Report: Local North Korean detainee calls his actions ‘premeditated’

A local man being detained in North Korea after being accused of crimes against the state said his actions were “premeditated,” according to a report from a pro-government news agency.

West Carrollton resident Jeffrey Fowle, who is awaiting trial, said he secretly tried to circulate a Bible during the overseas trip that started in late April, according to the Choson Sinbo, a pro-North Korea daily published in Japan.

The 56-year-old Beavercreek High School graduate and former Moraine city worker was arrested in May for leaving a copy of the Bible in the toilet of a sailor’s club in the northeastern city of Chongjin, where he was traveling as a tourist, according to Reuters.

“It was my premeditated act that did not fit the purpose of my trip as a tourist,” Fowle was quoted as saying, translated by the Choson Sinbo newspaper into Korean.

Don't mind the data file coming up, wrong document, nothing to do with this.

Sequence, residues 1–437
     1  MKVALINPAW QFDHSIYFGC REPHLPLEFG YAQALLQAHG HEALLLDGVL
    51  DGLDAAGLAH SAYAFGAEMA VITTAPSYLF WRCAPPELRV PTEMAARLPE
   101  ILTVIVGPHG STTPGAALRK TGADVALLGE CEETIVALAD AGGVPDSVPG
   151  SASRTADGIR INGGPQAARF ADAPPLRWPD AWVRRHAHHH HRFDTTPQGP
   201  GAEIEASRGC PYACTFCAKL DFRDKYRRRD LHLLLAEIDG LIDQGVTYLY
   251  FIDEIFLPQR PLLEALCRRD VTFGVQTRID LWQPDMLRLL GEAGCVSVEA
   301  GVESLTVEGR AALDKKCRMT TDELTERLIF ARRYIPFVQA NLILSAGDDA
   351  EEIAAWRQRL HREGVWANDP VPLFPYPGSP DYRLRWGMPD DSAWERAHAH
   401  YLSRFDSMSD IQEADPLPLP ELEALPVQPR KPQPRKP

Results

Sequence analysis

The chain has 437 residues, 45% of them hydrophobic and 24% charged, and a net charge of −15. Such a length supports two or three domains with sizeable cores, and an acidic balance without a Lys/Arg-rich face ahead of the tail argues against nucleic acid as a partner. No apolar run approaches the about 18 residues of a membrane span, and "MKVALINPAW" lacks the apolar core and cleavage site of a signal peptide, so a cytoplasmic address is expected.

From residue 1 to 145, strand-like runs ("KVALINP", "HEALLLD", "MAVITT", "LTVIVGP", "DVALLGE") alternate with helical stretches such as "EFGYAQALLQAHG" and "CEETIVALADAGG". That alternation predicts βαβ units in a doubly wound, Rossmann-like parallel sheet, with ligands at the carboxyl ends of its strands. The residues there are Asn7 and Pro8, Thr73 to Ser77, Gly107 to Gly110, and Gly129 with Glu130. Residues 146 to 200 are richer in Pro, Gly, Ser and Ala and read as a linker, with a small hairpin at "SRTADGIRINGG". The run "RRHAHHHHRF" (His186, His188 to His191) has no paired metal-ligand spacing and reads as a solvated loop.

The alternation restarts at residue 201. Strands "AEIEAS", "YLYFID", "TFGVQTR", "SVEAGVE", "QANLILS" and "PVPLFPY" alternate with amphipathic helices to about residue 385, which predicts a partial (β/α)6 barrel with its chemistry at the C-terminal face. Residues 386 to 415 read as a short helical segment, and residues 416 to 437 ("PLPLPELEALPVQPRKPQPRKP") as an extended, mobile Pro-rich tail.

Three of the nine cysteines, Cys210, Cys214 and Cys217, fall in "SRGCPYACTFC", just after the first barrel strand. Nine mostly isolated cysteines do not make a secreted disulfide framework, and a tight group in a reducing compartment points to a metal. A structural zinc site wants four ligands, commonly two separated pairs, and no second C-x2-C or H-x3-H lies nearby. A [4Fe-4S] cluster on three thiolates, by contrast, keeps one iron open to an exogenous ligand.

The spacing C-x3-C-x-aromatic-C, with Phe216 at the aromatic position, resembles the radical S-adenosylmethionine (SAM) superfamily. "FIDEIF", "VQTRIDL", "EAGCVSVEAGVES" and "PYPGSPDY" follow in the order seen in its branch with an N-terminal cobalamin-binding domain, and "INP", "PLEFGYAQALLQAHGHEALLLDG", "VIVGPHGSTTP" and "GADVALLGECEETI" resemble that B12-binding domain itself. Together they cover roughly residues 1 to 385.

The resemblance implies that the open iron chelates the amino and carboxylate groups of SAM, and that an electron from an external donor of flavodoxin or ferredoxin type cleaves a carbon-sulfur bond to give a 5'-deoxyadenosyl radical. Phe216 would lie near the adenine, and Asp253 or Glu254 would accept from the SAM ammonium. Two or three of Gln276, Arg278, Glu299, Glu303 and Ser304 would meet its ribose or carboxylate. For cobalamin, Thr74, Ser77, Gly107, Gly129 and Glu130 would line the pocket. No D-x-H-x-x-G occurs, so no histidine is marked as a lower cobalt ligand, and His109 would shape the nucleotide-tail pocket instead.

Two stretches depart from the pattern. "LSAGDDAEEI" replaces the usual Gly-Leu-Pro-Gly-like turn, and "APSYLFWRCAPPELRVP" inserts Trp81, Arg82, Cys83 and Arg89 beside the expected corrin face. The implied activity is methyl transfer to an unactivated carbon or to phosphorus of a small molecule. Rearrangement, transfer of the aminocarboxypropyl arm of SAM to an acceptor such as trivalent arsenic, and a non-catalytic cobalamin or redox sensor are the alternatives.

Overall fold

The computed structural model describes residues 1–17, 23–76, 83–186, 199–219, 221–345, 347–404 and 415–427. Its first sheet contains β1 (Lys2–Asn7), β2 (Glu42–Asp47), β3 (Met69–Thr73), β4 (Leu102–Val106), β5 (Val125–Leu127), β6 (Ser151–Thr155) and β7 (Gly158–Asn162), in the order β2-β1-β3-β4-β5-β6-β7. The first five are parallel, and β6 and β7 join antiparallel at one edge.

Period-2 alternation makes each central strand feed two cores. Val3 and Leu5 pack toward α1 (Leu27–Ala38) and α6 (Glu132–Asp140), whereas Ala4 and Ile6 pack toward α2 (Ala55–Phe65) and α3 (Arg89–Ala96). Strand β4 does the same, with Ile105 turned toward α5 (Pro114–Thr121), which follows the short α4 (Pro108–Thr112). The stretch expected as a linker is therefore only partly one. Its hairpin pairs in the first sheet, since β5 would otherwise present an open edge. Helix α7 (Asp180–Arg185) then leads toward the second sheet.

Fowle’s family has denied he was on a church mission.

The report said the interview was conducted on Fowle’s request, according to Reuters.

Fowle is one of three Americans – along with Kenneth Bae and Matthew Miller — held in North Korea on charges of crimes against the state.

The longest to be held is Bae, a U.S. missionary who was sentenced last year to 15 years hard labor. Miller last month was convicted and sentenced by the country’s Supreme Court to six years of hard labor.

Fowle has said in interviews in recent weeks that he was concerned about his trial, which apparently has not been scheduled yet. In this most recent interview, he reiterated those thoughts, according to Reuters.

“I am anxious about the impending trial. I am just nervous, thinking that punishment will be given for the wrongdoing I have committed,” Fowle told Choson Sinbo.

Fowle’s captivity led last month to him losing his job with the city of Moraine, where he had worked for more than 26 years and had been on accumulated leave since May.

The city agreed to pay him more than $70,000 based on leave he had remaining and gave him the ability to be reinstated, calling him an employee in “good standing,” according to documents obtained by this newspaper.

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